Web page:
Return of the miners, 1905, Constantin Meunier (original work of art), KU Leuven, CC BY-NC

For many centuries and on all continents migrant labour has offered solutions for agricultural employment, which is season-bound and unpredictable. Migrant workers move along with harvest cycles, mostly carrying out manual, repetitive and easy-to-learn tasks. From the mid-20th century, other forms of migration gained importance because of rapid industrial growth. Certain economic fields provided work to thousands of migrants, which in turn proved to be a vital source of skills and labour: a mutually beneficial situation, which has often been stimulated by state support and organized recruitment.

The people depicted here in 1949 were soon to start working in the British textile industry. 55 Italian women embarked upon a train from London to Lancashire, where they would be trained as weavers within the scope of the ‘Westward Ho’ scheme. Proposed by the British Minister of Labour, this scheme was directed toward European Voluntary Workers: continental Europeans invited to come work in the UK after World War II.

In western European countries, the mining sector was one of the most important employers of migrant labour from the late 19th century onward. As early as the 1920s, national governments installed organized labour programs to help deal with the increasing demand for produce. A possible underlying motive for attracting workers from abroad might have been to avoid agreeing to the protests of local labourers, who campaigned for better working circumstances.

A specific issue in the Dutch region of Limburg in the 1950s led to the need for foreign employees: young local workers had lost trust in the sector and sought lighter, better-paid jobs. Those remaining were becoming too old for the heavy labour.

Four large mining companies decided to jointly organize international recruitment, first in Italy, later in Spain, Yugoslavia and Morocco. Miners were screened and interviewed locally, then transported to the north, where they received mining instructions and were housed for the duration of their contract.

The arrival of migrant workers – in particular, the thousands of miners, gathered in relatively small areas rich in sources – generated local housing shortages. In the Netherlands, migrant miners were often single men with a temporary contract, in need of cheap and practical accommodation. Initially, many of them boarded with local families. But when space grew short, they were obliged to sleep in shifts, as their rooms were rented out to several workers simultaneously. Mining companies, therefore, erected ‘woonoorden’ (chalets or barracks) and ‘gezellenhuizen’: large buildings where men could sleep, cook and socialize - as seen in this picture of Italian miners in Leyenbroek-Sittard. Even decades after the closure of the mines, migrant communities are still concentrated in these areas.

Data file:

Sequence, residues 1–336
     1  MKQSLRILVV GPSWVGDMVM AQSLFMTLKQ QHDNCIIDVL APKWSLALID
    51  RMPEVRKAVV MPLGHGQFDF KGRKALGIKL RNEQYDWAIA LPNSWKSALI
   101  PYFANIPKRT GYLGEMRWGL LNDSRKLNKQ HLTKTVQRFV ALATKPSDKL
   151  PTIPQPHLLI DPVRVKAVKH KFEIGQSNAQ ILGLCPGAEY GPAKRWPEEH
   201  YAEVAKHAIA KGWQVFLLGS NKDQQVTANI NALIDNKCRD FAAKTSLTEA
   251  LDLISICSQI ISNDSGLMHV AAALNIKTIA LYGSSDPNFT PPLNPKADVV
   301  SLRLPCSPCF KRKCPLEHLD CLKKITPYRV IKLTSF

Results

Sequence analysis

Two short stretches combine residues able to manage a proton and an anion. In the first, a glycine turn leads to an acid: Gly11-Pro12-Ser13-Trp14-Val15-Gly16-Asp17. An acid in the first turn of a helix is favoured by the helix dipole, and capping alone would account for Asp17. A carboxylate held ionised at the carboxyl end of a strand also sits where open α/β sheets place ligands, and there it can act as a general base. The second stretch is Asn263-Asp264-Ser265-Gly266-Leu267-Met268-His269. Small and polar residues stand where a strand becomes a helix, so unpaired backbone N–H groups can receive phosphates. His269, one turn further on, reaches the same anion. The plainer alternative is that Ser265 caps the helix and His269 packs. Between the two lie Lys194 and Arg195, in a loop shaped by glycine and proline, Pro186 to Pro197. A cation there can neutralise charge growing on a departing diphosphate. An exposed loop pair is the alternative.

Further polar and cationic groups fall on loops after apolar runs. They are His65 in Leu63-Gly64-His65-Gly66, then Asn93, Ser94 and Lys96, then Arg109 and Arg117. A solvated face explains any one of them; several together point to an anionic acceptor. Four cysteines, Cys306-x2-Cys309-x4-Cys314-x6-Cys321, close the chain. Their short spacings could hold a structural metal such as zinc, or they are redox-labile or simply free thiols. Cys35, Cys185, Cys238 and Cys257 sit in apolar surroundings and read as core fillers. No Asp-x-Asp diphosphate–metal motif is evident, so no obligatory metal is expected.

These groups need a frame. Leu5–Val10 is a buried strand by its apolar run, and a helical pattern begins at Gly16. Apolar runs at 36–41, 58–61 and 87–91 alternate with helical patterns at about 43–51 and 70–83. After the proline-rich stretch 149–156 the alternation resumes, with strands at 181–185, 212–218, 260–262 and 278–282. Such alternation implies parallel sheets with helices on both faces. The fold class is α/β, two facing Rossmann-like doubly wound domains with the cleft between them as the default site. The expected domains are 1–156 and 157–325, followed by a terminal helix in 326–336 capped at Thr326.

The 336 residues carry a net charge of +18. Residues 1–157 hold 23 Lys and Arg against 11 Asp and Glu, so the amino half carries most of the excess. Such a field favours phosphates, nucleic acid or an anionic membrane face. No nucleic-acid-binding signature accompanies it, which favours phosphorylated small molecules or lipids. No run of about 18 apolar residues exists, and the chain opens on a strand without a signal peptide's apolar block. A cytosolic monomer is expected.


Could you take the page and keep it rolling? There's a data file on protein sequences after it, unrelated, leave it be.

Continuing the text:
In countries such as France, Belgium and The Netherlands, the growth of the migrant workers' population led to the construction of ‘cités ouvrières’: groups of working-class houses, often with collective facilities. Seen here is the cité built on the premises of Regout: a modern, mechanized earthenware factory in Maastricht. Apart from factories and houses, a big red structure can be seen (bottom left of the image) where many families were living together.

In Banat, a historical region in southeastern Europe, migration resulted in the building of a complete city. After the area moved from Turkish to Austrian rule by the peace-treaty of Passarowitz, three waves of organized resettlement (or "Schwabenzuege”) ensued. Charlottenburg (1771) was built during the second wave following the will of the Earl of Clary and Aldringen, President of Banat. 32 colonist families totalling 131 people were handed over 412 cadastral acre for their circular shaped village, allowing for the establishment of a church, cemetery, pub, slaughterhouse and hay warehouse. Historical maps - such as the one depicted below - are valuable witnesses to the history of Charlottenburg, as they contain the names of owners and tenants, as well as information about the properties and cultivation.

Agricultural and communal map of Charlottenburg, 1794 , Anton Fr.v. Basell – Johan Kasimir Haag , National Archives of Hungary, In Copyright
Agricultural and communal map of Charlottenburg, 1794 , Anton Fr.v. Basell – Johan Kasimir Haag , National Archives of Hungary, In Copyright